The Scanning Dielectric Microscopy is also used to investigate the electrical properties of the so-called bacterial nanowires, nanoscale structures produced by electrogenic bacterial cells, which enable the exchange of electrons extracellularly at long distances from the bacterial cell body. Current research is focused in the study of the electric properties of outer membrane cell extensions from Shewanella Oneidensis MR-1 and of protein fibers from the so-called cable bacteria cells.
The group also performs research in the application of Electrolyte Gated Field Effect Transistors as biosensors to record the electrical activity of excitable cells. We have demonstrated the potential of these transistors to record the electrical activity of clusters of cardiomyocyte cells over long periods of time (weeks), and, currently, we are investigating its potential application to other cell types (e.g. neurons) and cell structures (e.g. organoids).
Finally, the group is working in the integration of nanoscale and microscale electrical recording techniques for Biology in a single instrument. We have already demonstrated the possibility to integrate the in-liquid Scanning Dielectric Microscope with the Electrolyte Gated Field Effect Transistor, and, currently, we are working in using this platform to perform multiscale electrical recordings on electrically excitable cells with the objective to correlate nano- and microscopic electrical cell activity.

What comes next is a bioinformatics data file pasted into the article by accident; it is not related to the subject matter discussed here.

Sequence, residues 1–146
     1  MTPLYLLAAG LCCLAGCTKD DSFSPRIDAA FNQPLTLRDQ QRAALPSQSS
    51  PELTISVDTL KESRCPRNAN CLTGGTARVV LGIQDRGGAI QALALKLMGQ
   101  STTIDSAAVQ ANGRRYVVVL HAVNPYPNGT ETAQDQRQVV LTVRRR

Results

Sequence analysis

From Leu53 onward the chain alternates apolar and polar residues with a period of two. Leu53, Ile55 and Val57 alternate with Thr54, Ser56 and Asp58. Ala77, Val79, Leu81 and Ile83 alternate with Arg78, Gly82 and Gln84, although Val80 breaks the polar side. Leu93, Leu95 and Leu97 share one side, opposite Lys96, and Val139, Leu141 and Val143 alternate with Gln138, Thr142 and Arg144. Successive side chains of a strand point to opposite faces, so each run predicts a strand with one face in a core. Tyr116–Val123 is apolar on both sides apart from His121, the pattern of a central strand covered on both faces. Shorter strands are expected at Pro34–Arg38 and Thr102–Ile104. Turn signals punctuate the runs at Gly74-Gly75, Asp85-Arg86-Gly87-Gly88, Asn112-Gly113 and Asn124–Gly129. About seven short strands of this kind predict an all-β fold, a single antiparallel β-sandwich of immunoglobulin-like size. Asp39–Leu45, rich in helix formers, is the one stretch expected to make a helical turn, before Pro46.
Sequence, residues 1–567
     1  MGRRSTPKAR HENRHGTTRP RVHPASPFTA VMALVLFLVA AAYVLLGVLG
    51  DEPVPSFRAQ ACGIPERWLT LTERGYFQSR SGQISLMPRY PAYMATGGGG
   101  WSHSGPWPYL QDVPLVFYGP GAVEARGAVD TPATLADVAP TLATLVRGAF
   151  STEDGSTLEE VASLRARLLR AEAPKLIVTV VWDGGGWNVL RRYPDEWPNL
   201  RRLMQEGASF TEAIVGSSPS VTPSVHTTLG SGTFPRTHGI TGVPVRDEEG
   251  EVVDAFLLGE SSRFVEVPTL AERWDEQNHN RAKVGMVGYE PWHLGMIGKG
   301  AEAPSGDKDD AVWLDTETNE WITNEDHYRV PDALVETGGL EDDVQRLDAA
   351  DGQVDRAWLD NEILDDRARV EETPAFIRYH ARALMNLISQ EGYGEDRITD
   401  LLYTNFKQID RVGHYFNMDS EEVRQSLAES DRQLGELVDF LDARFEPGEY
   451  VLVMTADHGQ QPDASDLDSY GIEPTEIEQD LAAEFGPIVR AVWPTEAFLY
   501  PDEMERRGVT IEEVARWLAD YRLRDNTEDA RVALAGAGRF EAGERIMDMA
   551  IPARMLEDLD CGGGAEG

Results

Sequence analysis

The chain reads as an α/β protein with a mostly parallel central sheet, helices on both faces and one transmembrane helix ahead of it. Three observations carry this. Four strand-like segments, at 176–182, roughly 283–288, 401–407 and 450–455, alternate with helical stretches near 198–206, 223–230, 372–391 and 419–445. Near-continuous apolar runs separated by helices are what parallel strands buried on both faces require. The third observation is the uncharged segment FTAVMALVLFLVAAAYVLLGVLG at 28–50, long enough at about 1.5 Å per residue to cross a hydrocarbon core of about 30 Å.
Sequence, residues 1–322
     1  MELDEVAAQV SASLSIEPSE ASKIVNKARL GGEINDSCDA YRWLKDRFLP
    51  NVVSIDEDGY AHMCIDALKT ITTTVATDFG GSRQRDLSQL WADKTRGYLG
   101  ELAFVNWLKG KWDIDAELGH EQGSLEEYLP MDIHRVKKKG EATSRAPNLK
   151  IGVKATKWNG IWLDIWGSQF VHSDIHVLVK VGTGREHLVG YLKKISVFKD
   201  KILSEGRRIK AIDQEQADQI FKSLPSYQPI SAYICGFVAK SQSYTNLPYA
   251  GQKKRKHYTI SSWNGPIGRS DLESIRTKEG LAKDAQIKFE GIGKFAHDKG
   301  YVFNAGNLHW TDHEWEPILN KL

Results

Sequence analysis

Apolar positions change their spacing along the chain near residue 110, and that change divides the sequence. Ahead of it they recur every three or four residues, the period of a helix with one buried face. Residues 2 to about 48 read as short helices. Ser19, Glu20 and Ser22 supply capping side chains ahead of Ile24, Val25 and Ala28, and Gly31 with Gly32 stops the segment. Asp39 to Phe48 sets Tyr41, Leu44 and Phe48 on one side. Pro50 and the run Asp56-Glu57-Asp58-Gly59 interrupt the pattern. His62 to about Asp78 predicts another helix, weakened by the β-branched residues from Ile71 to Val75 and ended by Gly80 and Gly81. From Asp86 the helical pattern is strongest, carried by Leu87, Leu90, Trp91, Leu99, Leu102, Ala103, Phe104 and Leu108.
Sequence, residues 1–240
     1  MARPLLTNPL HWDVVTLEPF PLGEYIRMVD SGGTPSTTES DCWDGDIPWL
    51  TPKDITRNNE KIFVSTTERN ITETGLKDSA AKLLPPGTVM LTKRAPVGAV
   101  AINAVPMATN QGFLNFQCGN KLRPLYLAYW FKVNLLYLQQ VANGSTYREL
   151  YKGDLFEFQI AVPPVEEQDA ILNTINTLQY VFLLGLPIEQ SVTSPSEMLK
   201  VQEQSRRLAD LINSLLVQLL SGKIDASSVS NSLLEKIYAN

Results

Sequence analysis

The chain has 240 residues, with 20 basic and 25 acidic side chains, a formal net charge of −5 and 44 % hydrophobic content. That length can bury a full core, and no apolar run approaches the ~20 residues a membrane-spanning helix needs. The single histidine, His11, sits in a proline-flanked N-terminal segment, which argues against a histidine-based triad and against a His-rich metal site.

Gabriel Gomila Lluch
Harishankar Balakrishnan | PhD Student
Maria Chiara Biagi | PhD Student
Marti Checa | PhD Student
Now: Pots-doc at Oak Ridge National Laboratory (USA)
Dr. Martin Edwards | Postdoc
Now: Research Assistant Professor, University of Utah (USA)
Daniel Esteban Ferrer | PhD Student
Dr. Laura Fumagalli | Senior Researcher
Now: Lecturer, School of Physics and Astronomy – Condensed Matter Physics, University of Manchester (UK)
Georg Gramse | PhD Student
Now: Senior Researcher, Johannes Kepler University of Linz (Austria)
Larisa Huetter | PhD Student